The aim of this study was to develop a bioinformatics software and to test it in serum samples of papillary thyroid cancer using mass spectrometry (SELDI-TOF-MS). Development of 'Protein analysis' software performing decision tree analysis was done by customizing C4.5. Sixty-one serum samples from 27 papillary thyroid cancer, 17 autoimmune thyroiditis, 17 controls were applied to 2 types of protein chips, CM10 (weak cation exchange) and IMAC3 (metal binding - Cu). Mass spectrometry was performed to reveal the protein expression profiles. Decision trees were generated using 'Protein analysis' software, and automatically detected biomarker candidates. Validation analysis was performed for CM10 chip by random sampling. Decision tree software, which can perform training and validation from profiling data, was developed. For CM10 and IMAC3 chips, 23 of 113 and 8 of 41 protein peaks were significantly different among 3 groups (ρ < 0.05), respectively. Decision tree correctly classified 3 groups with an error rate of 3.3% for CM10 and 2.0% for IMAC3, and 4 and 7 biomarker candidates were detected respectively. In 2 group comparisons, all cancer samples were correctly discriminated from non-cancer samples (error rate = 0%) for CM10 by single node and for IMAC3 by multiple nodes. Validation results from 5 test sets revealed SELDI-TOF-MS and decision tree correctly differentiated cancers from non-cancers (54/55, 98%), while predictability was moderate in 3 group classification (36/55, 65%). Our in-house software was able to successfully build decision trees and detect biomarker candidates, therefore it could be useful for biomarker discovery and clinical follow up of papillary thyroid cancer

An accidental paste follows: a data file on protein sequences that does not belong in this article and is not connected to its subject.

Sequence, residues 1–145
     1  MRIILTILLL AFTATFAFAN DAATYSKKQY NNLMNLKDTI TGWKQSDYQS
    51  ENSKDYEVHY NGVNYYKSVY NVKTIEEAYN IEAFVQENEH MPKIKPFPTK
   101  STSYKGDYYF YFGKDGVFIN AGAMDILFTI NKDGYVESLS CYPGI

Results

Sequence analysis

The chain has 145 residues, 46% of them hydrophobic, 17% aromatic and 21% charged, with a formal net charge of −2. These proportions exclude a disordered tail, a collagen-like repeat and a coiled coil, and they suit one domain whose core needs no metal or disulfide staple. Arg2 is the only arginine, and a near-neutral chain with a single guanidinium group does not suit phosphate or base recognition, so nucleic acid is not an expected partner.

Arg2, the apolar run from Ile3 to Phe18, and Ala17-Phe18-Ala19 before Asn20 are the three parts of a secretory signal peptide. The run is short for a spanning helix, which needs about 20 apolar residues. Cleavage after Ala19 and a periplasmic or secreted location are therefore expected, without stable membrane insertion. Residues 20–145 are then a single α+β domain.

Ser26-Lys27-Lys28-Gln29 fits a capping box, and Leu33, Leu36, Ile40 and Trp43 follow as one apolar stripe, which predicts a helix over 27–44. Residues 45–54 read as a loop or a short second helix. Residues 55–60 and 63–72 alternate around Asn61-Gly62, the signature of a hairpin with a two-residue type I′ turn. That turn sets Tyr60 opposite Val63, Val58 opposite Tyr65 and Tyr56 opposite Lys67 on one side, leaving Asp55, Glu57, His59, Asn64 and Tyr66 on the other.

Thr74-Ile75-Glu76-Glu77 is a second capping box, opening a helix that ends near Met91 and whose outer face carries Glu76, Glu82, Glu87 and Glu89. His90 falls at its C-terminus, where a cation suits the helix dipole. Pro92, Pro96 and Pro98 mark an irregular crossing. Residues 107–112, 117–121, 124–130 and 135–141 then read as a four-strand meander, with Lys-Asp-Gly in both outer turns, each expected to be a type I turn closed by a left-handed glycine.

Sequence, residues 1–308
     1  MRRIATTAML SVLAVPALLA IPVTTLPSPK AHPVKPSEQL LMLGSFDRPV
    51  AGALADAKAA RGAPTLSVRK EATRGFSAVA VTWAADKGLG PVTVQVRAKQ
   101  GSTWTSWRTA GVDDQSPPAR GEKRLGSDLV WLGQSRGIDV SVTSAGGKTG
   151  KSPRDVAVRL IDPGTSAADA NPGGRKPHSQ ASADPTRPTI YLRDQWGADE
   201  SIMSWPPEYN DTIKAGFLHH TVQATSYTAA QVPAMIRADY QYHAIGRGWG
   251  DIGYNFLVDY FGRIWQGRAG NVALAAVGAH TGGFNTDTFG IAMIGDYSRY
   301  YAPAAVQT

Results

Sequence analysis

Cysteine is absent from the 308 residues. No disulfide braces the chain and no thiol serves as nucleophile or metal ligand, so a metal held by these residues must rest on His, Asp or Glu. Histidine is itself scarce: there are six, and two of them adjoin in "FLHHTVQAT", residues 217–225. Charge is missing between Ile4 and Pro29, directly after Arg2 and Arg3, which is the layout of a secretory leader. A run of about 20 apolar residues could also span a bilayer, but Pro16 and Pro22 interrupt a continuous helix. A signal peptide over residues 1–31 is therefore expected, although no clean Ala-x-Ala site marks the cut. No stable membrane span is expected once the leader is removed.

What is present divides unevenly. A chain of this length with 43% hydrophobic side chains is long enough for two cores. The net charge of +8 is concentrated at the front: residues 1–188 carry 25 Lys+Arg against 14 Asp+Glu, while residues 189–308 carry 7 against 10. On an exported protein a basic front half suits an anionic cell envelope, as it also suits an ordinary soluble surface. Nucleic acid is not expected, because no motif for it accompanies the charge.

3. Risk Factors Associated with Disease Recurrence among Patients with Low-Risk Papillary Thyroid Cancer Treated at the University of the Philippines-Philippine General Hospital.

    Science.gov (United States)

    Jauculan, Maria Cristina Magracia; Buenaluz-Sedurante, Myrna; Jimeno, Cecilia Alegado

    2016-03-01